How the accusative became the relative: a Samoyedic key to the Eskimo-Uralic relationship?
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The Eskimo-Uralic hypothesis of a genetic link between Eskimo-Aleut and the Uralic languages is now reaching its second centenary. Two major problems with its advancement since Bergsland’s (1959) summary of its status are addressed in this article. The first of these is the lack of an obvious correlate of the ubiquitous Eskimo-Aleut (EA) relative case marker -m in Uralic; the other is the lack of an m-initial first person singular morpheme in EA to correlate with that of the Uralic languages. That the EA singular genitive/relative marker -m — as well as the instrumental/accusative singular -mək based on it — might be cognate with Uralic singular accusative -m was suggested already by Sauvageot (1953), but no firm conclusion on the matter has since been reached. This has remained a tantalizing possibility, despite the conflicting semantics. However, the remarkable morphosyntactic parallels between Eskimo-Aleut and Samoyedic in particular have grown more apparent with recent publications. A solution is proposed, linking the emergence of ergativity in the Eskimo-Aleut family with a reanalysis of the original nominative-accusative case marking system.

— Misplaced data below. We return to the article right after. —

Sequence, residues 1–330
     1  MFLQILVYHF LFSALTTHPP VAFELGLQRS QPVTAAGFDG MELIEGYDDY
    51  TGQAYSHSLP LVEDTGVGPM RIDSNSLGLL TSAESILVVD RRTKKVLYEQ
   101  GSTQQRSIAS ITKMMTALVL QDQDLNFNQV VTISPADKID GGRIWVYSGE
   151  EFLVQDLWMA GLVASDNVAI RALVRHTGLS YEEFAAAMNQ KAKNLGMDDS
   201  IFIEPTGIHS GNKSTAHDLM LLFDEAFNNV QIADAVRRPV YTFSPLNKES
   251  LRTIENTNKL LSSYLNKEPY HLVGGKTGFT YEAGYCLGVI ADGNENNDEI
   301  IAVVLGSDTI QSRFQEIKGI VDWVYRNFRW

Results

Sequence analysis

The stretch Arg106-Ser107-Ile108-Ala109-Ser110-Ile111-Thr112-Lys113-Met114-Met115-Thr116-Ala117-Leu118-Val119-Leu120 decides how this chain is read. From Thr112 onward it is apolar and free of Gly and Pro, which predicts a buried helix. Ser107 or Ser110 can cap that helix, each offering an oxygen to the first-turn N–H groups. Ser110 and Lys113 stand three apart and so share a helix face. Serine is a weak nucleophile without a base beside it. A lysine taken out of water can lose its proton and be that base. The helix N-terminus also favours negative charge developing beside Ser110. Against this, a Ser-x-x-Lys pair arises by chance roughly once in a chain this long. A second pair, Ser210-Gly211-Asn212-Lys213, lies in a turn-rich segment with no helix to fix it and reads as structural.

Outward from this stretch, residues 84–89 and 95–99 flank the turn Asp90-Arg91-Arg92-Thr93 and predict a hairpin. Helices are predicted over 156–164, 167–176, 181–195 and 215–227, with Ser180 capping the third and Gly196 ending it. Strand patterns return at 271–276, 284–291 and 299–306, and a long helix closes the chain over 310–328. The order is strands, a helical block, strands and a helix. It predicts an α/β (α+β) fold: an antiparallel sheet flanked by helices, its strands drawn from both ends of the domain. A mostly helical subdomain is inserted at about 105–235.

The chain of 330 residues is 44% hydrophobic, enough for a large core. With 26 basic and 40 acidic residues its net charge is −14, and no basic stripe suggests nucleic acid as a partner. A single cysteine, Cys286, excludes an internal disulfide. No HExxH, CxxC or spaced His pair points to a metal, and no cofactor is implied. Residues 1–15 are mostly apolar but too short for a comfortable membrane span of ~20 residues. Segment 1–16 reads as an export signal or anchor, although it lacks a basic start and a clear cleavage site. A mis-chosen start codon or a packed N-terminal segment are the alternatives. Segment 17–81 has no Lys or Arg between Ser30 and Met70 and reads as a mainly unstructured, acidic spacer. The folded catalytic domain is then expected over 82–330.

|Journal||Journal of Historical Linguistics|
|Publication status||Published - 2016|
- Faculty of Humanities - Eskimo-Aleut, Samoyedic, genetic affiliation